Film

Intimate Doc ‘My Love, Don’t Cross That River’ Offers a Rare Portrait of Love and Loss

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The opening shot of the dramatically titled My Love, Don’t Cross That River presents a woman crying in a tranquil, snowy setting. The cause of her tears becomes obvious as this sensitive slice-of-life documentary unfolds.

Jo Byong-man and Kang Gye-yeul have known each other since they were teenagers and have been married for more than seventy years. Director Jin Mo-young eschews standard documentary techniques of old footage and talking heads in favor of watching the couple in the moment. At the beginning of the film, Byong-man and Gye-yeul play like children, picking flowers, singing, and joking.

The couple, in matching traditional Korean outfits, is hugely endearing, and Jin subtly captures changes in the relationship as Byong-man becomes increasingly feeble. The director doesn’t explicitly tell us how much time passes; the universal challenges of losing a loved one fit into a fleet 86 minutes in a way that feels unforced. The approach to death is neither sentimental nor contrived, and such frank depictions of it are so rare in film (both fiction and documentary) that the level of intimacy here is almost shocking — losing a loved one is hard enough without it being filmed.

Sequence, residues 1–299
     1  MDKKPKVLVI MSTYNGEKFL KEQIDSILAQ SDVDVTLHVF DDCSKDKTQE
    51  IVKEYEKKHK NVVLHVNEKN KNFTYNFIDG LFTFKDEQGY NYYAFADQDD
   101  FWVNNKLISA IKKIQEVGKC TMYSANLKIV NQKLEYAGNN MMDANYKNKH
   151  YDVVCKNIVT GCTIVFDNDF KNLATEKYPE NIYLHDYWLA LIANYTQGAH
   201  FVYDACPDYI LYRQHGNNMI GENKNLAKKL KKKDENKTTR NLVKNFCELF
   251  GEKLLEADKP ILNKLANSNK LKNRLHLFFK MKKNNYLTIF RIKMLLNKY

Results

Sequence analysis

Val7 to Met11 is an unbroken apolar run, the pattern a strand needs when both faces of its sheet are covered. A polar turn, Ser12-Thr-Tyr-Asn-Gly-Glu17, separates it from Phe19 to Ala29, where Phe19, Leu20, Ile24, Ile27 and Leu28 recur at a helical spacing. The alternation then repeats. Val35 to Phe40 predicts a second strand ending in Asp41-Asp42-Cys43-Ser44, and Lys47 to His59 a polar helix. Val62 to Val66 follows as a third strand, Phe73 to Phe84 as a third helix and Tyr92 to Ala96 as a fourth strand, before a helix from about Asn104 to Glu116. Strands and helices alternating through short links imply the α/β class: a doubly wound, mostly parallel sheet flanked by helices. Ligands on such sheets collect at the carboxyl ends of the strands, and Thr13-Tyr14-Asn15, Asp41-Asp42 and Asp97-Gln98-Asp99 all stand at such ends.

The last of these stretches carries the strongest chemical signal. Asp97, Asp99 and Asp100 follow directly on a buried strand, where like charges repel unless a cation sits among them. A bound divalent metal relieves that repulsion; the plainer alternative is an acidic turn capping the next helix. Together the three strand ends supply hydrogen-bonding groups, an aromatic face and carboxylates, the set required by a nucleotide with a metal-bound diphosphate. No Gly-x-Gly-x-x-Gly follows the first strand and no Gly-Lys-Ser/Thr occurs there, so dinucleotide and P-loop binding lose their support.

Some moments have a clarity that may have felt forced or overly sentimental if this weren’t a documentary: One of the couple’s two dogs dies, and the other becomes pregnant and gives birth to adorable puppies, all while Byong-man approaches death. By focusing on the small details of Byong-man and Gye-yeul’s life — from their humble, secluded home to their touches and glances — the film paints a sweet yet tragic portrait.

My Love, Don’t Cross That River

Directed by Jin Mo-young

Film Movement

Opens June 17, Angelika Film Center and Lincoln Plaza Cinemas

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